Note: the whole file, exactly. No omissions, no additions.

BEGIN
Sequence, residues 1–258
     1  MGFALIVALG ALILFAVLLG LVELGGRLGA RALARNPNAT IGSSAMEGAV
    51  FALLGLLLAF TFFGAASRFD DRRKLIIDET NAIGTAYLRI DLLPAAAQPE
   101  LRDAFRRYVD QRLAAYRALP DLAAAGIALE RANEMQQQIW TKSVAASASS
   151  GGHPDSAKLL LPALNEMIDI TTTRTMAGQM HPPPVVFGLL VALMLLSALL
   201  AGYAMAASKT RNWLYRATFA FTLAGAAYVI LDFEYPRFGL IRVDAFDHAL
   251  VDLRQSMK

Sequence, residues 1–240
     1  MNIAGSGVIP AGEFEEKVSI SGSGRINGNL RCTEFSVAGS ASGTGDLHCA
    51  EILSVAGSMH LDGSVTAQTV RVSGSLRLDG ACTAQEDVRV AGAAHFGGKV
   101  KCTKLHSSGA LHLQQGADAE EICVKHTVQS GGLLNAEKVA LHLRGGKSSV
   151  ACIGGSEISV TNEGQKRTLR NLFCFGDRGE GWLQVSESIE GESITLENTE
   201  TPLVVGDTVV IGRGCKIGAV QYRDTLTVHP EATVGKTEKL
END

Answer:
Sequence, residues 1–258
     1  MGFALIVALG ALILFAVLLG LVELGGRLGA RALARNPNAT IGSSAMEGAV
    51  FALLGLLLAF TFFGAASRFD DRRKLIIDET NAIGTAYLRI DLLPAAAQPE
   101  LRDAFRRYVD QRLAAYRALP DLAAAGIALE RANEMQQQIW TKSVAASASS
   151  GGHPDSAKLL LPALNEMIDI TTTRTMAGQM HPPPVVFGLL VALMLLSALL
   201  AGYAMAASKT RNWLYRATFA FTLAGAAYVI LDFEYPRFGL IRVDAFDHAL
   251  VDLRQSMK

Sequence, residues 1–240
     1  MNIAGSGVIP AGEFEEKVSI SGSGRINGNL RCTEFSVAGS ASGTGDLHCA
    51  EILSVAGSMH LDGSVTAQTV RVSGSLRLDG ACTAQEDVRV AGAAHFGGKV
   101  KCTKLHSSGA LHLQQGADAE EICVKHTVQS GGLLNAEKVA LHLRGGKSSV
   151  ACIGGSEISV TNEGQKRTLR NLFCFGDRGE GWLQVSESIE GESITLENTE
   201  TPLVVGDTVV IGRGCKIGAV QYRDTLTVHP EATVGKTEKL